A Free State plant breeding professor has collaborated with more than 20 PhD students and post-doctoral fellows in 12 countries to advance food security and the nutritional status of poor rural communities.
Professor Maryke Labuschagne from the University of the Free State also holds the NRF-SARChI chair in disease resistance and quality in field crops. She explains that the research was largely focused on increasing food production. This, especially under the increasingly adverse climatic conditions that prevail in Africa.
The groups have launched research projects in several African countries, including Zimbabwe, Zambia, Uganda, Ghana, Ethiopia, Kenya, Lesotho, Eswatini, Tunisia, Ethiopia, and South Africa.
The research was, among others, on cowpeas which are indigenous to Africa and widely grown by small-scale farmers. They are high in protein and minerals, but almost no genetic improvement of this crop has been done.
Currently, two PhD students – one in Ghana (working with IITA in Nigeria) and one at the Agricultural Research Council in Pretoria – are researching the genetic variability of cowpeas to their nutritional value.
“These students are determining levels of genetic variation for various characteristics to assist in future breeding efforts of this crop. A similar project is being done by a PhD student from Zambia who is working on Bambara groundnut, related to cowpea, which also has significant potential to contribute to food security,” says Labuschagne.
“One PhD student from Zambia is working on the bio-fortification of cassava for provitamin A. To determine its reaction to stress conditions, he is also testing these provitamin A cassavas in various environmental conditions.
“Vitamin A deficiency is rampant in Africa, causing blindness in severe cases. With genetic manipulation, the provitamin A is incorporated into the cassava,” explains Labuschagne.
She indicates that a PhD student from Ethiopia and another from the ARC in Potchefstroom are working on sorghum yield and nutritional value.
In the process, they will do genome-wide association studies to identify genes and groups of genes that determine yield and nutritional characteristics.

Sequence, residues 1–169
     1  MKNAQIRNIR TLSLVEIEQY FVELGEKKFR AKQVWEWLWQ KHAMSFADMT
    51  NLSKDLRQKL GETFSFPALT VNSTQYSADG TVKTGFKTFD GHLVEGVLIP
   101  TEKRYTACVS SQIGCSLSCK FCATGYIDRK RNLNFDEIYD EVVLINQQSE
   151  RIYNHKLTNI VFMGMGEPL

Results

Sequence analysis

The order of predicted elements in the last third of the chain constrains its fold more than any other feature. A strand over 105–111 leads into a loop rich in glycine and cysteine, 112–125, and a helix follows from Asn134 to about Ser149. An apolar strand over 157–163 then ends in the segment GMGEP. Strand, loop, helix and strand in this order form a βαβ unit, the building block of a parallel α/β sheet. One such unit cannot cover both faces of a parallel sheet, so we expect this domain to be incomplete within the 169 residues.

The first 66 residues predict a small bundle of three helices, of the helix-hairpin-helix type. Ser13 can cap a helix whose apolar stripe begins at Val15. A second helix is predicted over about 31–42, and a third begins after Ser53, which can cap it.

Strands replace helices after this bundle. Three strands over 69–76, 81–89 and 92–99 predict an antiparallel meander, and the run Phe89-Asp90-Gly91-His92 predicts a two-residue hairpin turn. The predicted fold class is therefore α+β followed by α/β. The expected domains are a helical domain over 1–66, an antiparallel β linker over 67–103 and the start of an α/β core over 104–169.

In order to improve maize production and nutritional value, a PhD student from Eswatini is looking at yield stability and iron and zinc variability in maize grown in this country.
Another five PhD students are working on maize, looking at various aspects of the genetic improvement of maize.
“A student in Ethiopia is working exclusively on quality protein maize to determine the genetic potential of newly released hybrids under adverse production conditions, compared to normal maize,” elaborates Labuschagne, a plant breeder.
A PhD student from Zimbabwe is working on maize, which is high in provitamin A, zinc, and high essential amino acids, as a ‘package’ for farmers to grow.
Another angle on maize research is a study of the effect of a male sterility gene on production by small-scale maize farmers in Southern Africa. A PhD student in Zimbabwe (in collaboration with Agronomy at the UFS) is conducting this study.
Pest resistance is the focus of another PhD study by a student in Zimbabwe. He is investigating the devastating fall armyworm, and how pest resistance can be genetically enhanced.
Making a positive difference
The research by collaborative teams and students is leading to the release of new commercial varieties of cassava, maize, sorghum, and other crops with better nutritional value, resilience to adverse climatic and production conditions, and biotic constraints such as pests and diseases.
“One of the most rewarding things is to see former students taking up their places all over Africa to become significant role players and decision makers in agriculture and plant breeding, and in this way directly contributing to food security on the continent,” states Labuschagne.
She says through decades of research and collaboration, they have established a strong network of researchers on the continent.